Quickly folks! There’s no time to waste! People are conspiring some stuff, and I’m here to tell you about it! Game of Thrones show spoilers! Organised roughly by geography.
Riverlands: We waste no time in conducting the Hound’s trial by battle against Dondarrion. The trial occurs in an inexplicably small space and involves a lot of fire, much to Sandor’s dismay. However, the Lord of Light judges him innocent, as he manages to cleave Beric Dondarrion nearly in half. Arya tries to kill him instead, but Gendry stops her, and Dondarrion- freshly resurrected by Thoros- assures her that the Hound will one day die. They let him go, but not before robbing him.
Later, Gendry fixes Dondarrion’s armour while informing Arya that he’ll be joining the brotherhood, an account of he wants to belong to a family. She says that she would be his family if he left with her, but he says that she could only be his lady. This clearly angers Arya, but is really sort of sweet if you think about it.
She sulks with her list of people she wants murdered. Thoros and Beric tell her about the resurrections, and the various ways Beric has died. She asks if Thoros could bring back her father, but he tells her that Ned’s at rest, so no.
North of the Wall: Mance interrogates Jon Snow about the manpower of the Night’s Watch. Jon is clearly reluctant to divulge that information, which is taken as a sign of mistrust by Orell. In the meantime, Ygritte is feeling frisky. She steals Jon’s sword and runs away to a cave, where she promptly strips naked and forces herself upon him. We’re treated to a somewhat not-gratuitous sex scene! Huzzah!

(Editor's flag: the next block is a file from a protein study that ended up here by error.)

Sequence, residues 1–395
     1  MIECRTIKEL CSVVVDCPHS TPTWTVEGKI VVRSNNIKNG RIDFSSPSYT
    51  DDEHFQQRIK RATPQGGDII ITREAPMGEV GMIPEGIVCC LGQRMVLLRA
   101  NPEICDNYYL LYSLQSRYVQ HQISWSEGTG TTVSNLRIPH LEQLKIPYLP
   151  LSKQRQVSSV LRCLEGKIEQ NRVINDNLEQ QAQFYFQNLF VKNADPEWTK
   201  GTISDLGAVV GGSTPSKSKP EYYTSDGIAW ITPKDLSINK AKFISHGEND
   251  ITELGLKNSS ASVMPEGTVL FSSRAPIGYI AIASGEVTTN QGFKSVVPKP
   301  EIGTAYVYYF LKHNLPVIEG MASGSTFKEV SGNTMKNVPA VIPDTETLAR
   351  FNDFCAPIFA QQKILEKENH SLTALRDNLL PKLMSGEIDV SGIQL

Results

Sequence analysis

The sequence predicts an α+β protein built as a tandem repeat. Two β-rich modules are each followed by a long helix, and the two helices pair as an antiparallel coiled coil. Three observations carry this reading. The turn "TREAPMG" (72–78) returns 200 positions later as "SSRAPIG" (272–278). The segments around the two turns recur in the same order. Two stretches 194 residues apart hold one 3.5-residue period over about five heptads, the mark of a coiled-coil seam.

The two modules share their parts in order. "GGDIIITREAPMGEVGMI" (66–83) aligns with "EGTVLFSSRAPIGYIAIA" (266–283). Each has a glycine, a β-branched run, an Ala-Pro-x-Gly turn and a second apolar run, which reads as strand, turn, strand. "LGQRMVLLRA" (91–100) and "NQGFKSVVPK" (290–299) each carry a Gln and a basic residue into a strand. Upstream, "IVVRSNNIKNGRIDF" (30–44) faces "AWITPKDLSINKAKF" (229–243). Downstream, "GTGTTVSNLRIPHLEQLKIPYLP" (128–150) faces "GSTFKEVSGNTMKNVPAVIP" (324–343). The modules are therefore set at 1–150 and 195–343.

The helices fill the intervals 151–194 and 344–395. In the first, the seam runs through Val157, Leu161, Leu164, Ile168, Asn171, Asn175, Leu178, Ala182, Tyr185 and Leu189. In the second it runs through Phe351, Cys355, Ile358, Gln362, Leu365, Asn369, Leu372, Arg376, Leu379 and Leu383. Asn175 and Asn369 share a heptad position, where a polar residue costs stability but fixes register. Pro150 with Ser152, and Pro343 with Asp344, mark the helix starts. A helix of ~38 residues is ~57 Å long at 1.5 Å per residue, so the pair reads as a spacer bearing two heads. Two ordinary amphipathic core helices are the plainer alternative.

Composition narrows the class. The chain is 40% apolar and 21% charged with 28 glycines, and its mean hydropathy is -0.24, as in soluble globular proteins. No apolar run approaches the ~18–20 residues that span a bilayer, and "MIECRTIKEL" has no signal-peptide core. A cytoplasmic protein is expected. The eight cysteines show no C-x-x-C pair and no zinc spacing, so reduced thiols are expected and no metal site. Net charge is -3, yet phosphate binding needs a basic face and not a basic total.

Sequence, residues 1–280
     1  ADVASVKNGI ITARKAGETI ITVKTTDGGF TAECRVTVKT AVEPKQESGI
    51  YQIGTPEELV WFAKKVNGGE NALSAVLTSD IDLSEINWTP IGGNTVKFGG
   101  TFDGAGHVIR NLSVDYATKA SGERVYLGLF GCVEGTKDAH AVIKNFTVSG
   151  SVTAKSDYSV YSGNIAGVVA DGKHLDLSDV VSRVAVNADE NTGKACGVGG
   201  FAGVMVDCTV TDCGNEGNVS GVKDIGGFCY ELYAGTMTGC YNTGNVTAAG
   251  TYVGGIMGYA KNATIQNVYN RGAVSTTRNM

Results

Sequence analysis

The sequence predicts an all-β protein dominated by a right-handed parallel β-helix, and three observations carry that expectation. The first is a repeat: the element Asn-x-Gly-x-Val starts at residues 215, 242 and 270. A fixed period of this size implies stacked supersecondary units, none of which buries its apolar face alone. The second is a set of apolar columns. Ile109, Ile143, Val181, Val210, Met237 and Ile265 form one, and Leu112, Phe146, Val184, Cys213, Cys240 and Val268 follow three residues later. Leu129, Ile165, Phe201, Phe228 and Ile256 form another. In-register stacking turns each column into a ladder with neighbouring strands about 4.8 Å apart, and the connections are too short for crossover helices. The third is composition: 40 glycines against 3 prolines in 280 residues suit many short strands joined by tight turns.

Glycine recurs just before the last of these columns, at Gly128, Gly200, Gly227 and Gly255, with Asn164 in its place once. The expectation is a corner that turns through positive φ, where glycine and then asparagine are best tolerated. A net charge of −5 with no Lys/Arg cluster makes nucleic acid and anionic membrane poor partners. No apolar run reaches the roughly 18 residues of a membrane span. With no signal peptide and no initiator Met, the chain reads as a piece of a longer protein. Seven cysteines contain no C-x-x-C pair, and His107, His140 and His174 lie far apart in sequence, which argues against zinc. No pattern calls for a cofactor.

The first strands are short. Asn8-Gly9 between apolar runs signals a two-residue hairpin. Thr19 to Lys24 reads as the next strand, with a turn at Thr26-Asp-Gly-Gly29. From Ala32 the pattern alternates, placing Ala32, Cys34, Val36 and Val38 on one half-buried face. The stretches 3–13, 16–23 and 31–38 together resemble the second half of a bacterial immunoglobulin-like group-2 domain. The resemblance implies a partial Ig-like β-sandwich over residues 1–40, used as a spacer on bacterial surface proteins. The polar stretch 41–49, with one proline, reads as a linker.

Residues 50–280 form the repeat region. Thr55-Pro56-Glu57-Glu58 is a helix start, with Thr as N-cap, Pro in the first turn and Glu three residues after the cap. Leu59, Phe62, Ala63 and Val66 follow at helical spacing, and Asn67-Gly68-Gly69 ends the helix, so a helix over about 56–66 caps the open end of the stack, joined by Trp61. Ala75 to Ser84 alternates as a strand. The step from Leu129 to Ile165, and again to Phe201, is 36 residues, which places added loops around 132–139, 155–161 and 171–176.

Harrenhall: Jaime and Brienne are brought to Lord Bolton, who apologises for their rough treatment. He gives Jaime the good (?) news that Cercei is fine. Bolton then sends Jaime to a maester to have his hand taken care of. The maester wants to take off the whole arm, but Jaime insists instead on gritting his teeth while having the dead flesh trimmed off. How… unpleasant.
Brienne is soaking while Jaime’s done having his hand treated and then it’s time for his own bath. He gets in the tub with her, much to her irritation, and we’re treated to more butt shots! Butts all around! He then tells the story of his King Slaying, and we learn that when they called Aerys the “mad king,” they weren’t hyperbolising. Brienne, listening in horror, realises she has misjudged Jaime.
King’s Landing: Cercei tells Littlefinger to sniff out whatever it is the Tyrells are up to. Meanwhile, Tyrion and Lady Olenna meet to discuss finances. We get an idea of just how indebted the Lannister/Baratheon crew is to the Tyrells re: the war. Olenna stresses that despite the extravagance of the wedding, it is necessary to provide distraction; however, she does agree that Highgarden will cover half the expenses.
Littlefinger accomplishes his spying by sending one of his man-whores to seduce Loras (also giving us a gratuitous sex scene), thus learning that there are plans to have him engaged to Sansa. This obviously irks Baelish, as he has his creepy eyes on her for himself. He later revisits the idea of taking her home, but since she’s smitten with Loras (poor, naive girl) she says she might just stay.